Recent studies have suggested that the "pressor effect" of acellular Hb is a consequence of perturbation of the macro-and microcirculatory system in multiple ways, and that PEGylation is an effective approach for controlling the same. In an attempt to confirm this concept, a new and simple thiolation mediated, maleimide chemistry-based conservative PEGylation protocol has been developed to conjugate multiple copies of PEG-chains to Hb. This approach combines the high reactivity of maleimides towards thiols with the propensity of iminothiolane to derivatize the ε-amino groups of proteins into reactive thiol groups, with conservation of their positive charge. One of the PEGylated products, namely (SP-PEGSK)6-HbA, that carries on an average six copies of PEG5000 chains per Hb, is non-hypertensive in hamster top load and in rat 50% exchange transfusion models. This hexa-PEGylated-Hb has (i) a hydrodynamic volume corresponding to that of an oligomerized Hb of 256 kDa, (ii) a molecular radius of ∼6.8 nm, (iii) high oxygen affinity, (iv) lowered Bohr effect, and (v) increased viscosity and colloidal osmotic pressure. These properties of (SP-PEGSK)6-HbA are consistent with the emerging new paradigms for the design of Hb based oxygen carriers and confirm the concept that the "pressor effect" of Hb is a multifactorial event. The thiolation mediated maleimide chemistry-based PEGylation protocol described here for the generation of (SP-PEGSK)6-Hb is simple, highly efficient, and is carried out under oxy conditions. The results demonstrate that a non-hypertensive PEG-Hb can be generated by conjugation of a lower number of PEG chains than previously reported.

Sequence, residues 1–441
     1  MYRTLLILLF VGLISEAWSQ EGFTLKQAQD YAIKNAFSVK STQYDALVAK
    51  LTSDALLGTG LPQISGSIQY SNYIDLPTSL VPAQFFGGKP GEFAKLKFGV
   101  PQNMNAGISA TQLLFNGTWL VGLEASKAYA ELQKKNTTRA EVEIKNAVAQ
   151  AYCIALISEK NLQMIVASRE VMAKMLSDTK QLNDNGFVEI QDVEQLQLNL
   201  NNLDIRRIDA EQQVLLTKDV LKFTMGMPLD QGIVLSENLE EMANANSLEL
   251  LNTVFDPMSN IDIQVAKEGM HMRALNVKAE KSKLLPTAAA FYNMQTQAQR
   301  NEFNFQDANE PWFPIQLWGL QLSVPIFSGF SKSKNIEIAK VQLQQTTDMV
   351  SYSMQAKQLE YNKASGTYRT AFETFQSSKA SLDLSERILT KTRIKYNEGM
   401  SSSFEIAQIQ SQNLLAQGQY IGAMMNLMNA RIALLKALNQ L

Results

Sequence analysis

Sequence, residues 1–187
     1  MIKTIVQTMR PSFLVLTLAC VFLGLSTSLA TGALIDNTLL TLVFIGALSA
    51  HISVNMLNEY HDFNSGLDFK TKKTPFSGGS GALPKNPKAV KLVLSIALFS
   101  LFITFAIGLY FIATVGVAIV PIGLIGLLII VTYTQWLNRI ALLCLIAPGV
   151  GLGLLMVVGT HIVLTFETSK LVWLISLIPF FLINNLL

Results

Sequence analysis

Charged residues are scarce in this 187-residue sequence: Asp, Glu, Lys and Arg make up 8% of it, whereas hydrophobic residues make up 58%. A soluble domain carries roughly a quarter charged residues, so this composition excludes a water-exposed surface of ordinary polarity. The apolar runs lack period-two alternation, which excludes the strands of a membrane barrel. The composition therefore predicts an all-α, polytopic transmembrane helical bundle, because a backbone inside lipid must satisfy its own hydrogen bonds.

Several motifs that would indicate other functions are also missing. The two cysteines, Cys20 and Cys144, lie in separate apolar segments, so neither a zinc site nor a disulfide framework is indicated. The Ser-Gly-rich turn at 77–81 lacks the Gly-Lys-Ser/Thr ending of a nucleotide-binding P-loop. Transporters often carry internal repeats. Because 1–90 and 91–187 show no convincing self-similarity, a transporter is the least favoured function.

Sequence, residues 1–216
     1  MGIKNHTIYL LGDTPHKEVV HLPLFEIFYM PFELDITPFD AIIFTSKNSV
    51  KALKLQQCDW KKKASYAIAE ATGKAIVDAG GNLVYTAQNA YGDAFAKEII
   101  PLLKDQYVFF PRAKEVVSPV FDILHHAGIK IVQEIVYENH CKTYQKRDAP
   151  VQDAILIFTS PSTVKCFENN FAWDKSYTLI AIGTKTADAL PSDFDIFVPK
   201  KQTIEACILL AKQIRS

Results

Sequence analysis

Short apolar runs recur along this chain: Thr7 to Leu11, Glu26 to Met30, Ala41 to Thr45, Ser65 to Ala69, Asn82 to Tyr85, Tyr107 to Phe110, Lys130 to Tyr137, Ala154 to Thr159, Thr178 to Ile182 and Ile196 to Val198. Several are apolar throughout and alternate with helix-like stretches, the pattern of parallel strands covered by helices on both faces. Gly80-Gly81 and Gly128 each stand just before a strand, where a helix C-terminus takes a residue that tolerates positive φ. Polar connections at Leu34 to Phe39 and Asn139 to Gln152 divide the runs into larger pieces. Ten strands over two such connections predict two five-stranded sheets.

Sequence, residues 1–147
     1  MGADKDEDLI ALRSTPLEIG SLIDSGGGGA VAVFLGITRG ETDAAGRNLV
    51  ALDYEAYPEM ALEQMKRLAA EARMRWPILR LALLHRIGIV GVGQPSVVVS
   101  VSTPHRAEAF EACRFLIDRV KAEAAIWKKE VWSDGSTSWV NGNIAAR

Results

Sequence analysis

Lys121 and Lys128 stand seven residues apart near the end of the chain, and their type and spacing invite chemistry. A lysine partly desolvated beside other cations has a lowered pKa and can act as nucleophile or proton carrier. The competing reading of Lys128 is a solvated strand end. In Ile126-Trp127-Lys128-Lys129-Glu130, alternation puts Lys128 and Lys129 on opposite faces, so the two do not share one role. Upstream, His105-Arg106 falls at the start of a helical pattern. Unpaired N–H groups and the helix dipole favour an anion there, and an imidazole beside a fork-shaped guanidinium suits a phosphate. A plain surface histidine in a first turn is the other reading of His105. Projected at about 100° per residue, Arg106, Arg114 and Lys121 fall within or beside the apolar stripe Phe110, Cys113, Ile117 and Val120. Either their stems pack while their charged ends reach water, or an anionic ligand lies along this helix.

|Original language||English (US)|
|Number of pages||17|
|Journal||Artificial Cells, Blood Substitutes, and Immobilization Biotechnology|
|State||Published - 2005|
ASJC Scopus subject areas
- Biomedical Engineering